Grammar skills your kids must learn
Did you know that emus can’t walk backward or that an iguana can stay underwater for nearly 30 minutes?
Did you know that The Battle of Bunker Hill was actually fought at neighboring Breed’s Hill or that the state of Maryland has no natural lakes?
While these bits of trivia are interesting (and fun to learn during studies of science, history, or geography), they don’t need to take up permanent residence in your kids’ brain cells.
On the other hand, certain concepts should be so ingrained in your children’s minds that there’s no way they’ll misuse or forget them—including important rules of writing mechanics. Why? Because better grammar contributes to better writing!
Let’s look at three areas of grammar and punctuation every child must master.
Apostrophes, Possessives, and Plurals
Everywhere I look, it seems, random apostrophes are turning up incorrectly in words meant to be plural, not possessive.
These are typical examples:
No dog’s allowed
Closed Sunday’s and Monday’s
Wanted: Chef’s and Cook’s
No shoe’s, no shirt, no service
Other times, apostrophes are just misused altogether:
Ladie’s Apparel Sale
Life at it’s best
“The correct use of plural and possessive forms may seem like a minor issue. Among educated persons, however, incorrect forms, especially misuses of apostrophes, stand out like red flags. One area executive has said he will not hire an applicant whose letter or résumé includes such an error.” ~Meredith College Grammar Review
Teach your children to use apostrophes correctly. A quick Google search will yield pages of helpful rules, tips, and practice exercises—as well as many humorous examples of apostrophe abuse. Here are a few links to get you started:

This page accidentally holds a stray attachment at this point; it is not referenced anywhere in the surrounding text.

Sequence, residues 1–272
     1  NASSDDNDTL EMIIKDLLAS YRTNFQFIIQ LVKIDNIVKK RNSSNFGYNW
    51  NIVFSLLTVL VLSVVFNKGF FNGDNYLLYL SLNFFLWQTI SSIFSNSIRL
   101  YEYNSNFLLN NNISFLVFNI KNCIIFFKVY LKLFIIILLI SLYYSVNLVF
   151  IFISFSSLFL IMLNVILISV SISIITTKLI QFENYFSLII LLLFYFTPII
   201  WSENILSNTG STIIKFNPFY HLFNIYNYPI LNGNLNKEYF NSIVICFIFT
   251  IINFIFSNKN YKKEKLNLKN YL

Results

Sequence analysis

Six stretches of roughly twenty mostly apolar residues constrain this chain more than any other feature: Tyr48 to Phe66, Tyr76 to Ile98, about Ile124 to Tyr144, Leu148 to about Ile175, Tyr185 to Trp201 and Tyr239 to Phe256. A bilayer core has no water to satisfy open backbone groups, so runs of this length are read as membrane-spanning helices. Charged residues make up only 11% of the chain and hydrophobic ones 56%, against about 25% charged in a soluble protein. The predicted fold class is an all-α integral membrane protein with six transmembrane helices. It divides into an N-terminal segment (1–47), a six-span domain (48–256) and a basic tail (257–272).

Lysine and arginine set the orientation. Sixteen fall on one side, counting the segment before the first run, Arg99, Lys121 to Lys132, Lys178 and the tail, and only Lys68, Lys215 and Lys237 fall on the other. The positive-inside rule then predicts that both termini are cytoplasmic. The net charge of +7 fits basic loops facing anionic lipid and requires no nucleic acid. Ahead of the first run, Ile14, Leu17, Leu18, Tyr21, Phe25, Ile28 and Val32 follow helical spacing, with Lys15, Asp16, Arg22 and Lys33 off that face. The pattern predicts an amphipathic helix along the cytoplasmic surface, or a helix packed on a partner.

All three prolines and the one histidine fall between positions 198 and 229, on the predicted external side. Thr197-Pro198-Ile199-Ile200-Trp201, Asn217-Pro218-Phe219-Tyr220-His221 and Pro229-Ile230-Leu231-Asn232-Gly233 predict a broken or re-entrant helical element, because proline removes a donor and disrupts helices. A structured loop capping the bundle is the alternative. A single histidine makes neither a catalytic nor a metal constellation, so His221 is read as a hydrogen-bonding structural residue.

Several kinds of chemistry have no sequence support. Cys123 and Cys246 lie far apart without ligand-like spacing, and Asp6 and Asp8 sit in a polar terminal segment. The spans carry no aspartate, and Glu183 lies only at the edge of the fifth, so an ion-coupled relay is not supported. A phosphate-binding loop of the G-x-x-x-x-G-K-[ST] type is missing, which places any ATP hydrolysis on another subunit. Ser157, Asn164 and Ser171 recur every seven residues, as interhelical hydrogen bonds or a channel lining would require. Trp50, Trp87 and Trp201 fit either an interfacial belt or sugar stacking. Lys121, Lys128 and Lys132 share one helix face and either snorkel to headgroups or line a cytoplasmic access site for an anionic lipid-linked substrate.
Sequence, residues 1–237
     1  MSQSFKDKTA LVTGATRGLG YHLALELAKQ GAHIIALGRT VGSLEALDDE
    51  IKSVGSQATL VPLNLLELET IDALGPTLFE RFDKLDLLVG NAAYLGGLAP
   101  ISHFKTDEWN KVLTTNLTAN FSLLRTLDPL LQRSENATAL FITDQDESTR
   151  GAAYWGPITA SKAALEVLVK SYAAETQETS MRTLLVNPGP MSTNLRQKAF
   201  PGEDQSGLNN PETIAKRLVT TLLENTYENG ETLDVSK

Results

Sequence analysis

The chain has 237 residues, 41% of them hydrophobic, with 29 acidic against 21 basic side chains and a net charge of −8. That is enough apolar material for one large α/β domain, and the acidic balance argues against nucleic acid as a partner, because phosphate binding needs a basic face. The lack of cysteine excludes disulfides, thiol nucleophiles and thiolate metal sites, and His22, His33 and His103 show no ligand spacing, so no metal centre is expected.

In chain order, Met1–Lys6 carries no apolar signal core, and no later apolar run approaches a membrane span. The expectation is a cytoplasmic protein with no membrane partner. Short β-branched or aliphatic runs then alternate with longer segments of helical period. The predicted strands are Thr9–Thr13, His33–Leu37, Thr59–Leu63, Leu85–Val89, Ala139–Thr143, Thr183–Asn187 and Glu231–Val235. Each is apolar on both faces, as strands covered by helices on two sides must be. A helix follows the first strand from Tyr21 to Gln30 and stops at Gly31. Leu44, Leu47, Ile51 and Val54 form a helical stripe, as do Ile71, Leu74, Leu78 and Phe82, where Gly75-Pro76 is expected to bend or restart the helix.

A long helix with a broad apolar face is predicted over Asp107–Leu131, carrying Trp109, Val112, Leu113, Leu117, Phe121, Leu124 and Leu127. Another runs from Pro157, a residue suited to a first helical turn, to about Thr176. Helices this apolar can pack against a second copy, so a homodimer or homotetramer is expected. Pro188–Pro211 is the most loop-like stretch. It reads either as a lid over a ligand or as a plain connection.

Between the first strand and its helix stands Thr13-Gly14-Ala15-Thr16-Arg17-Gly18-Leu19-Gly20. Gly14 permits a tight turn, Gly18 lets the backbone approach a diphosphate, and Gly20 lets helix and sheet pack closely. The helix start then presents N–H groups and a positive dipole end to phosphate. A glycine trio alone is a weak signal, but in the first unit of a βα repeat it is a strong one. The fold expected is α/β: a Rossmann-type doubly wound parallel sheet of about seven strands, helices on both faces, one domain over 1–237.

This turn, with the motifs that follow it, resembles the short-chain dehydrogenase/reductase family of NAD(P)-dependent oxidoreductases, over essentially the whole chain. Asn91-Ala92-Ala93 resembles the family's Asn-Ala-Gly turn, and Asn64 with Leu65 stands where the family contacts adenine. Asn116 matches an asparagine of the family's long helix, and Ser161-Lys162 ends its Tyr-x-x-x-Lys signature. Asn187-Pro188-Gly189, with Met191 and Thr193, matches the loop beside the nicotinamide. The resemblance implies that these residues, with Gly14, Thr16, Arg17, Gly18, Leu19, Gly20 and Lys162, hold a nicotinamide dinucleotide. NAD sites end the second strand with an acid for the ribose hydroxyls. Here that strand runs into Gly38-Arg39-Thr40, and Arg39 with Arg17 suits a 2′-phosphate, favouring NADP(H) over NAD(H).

- Possessive vs. plural: Getting it right
- Correct use of apostrophes
- Apostrophes and plural family names
- Possessives/plurals quiz
Homophones are words that are spelled differently but pronounced the same—and confusion among them contributes to all sorts of writing problems. Common sets of homophones such as except/accept, peek/peak/pique, and principal/principle can trip up both kids and adults. Worse, spell-check won’t catch tricky errors because it’s about meaning, not spelling.
While some people may not care whether a Facebook friend types your instead of you’re, it’s definitely a problem when it comes between a student and an “A” paper or a job applicant and the position he’s applying for.
Like apostrophe misuse, homophone mix-ups can cause the writer to seem uneducated or ignorant, so it’s important to begin teaching children when they’re young to distinguish between these confusing words.
- All About Homophones – lessons for grades 1-8
- Homophone learning games for kids
- Comprehensive list of homphones
Comma Splices, Run-ons, and Fragments
Commas can be tricky. They’re either overused, underused, or just plain misused! One of the worst culprits is the comma splice, in which the writer sticks a comma instead of a period between independent clauses.
I’m tired of all this rain, I wish the sun would come out again.
Run-ons (also called fused sentences) are “comma splices without the commas.”
I ate deep-fried pickles and Twinkies at the fair they were both delicious.
Sentence fragments are also known as incomplete sentences. Fragments are missing a verb, a subject, or both.
On the other hand, leafy green vegetables.
Running all the way to the wall without stopping.
If your children have trouble with comma splices, run-ons, or sentence fragments, follow these links for helpful rules, games, and tips:
- Repairing comma splice errors
- Rules for fixing comma splices and fused sentences
- Repairing run-on sentences – interactive quiz
- Sentence fragments practice exercises
It’s All about Practice!
These are among the most important grammar skills kids must learn. Don’t turn a blind eye to your children’s mistakes. They need to hear these rules over and over again, and they need much practice to reinforce proper usage and develop new habits.
Why not pick one problem area, such as comma splices or its vs. it’s, and work on it regularly until your child experiences frequent success? You’ll put her one step closer to becoming a more confident writer.
Copyright 2012 © Kim Kautzer. All rights reserved.
Photo: Hand (Carissa Rogers) and book case’s (R/DV/RS), courtesy of Creative Commons
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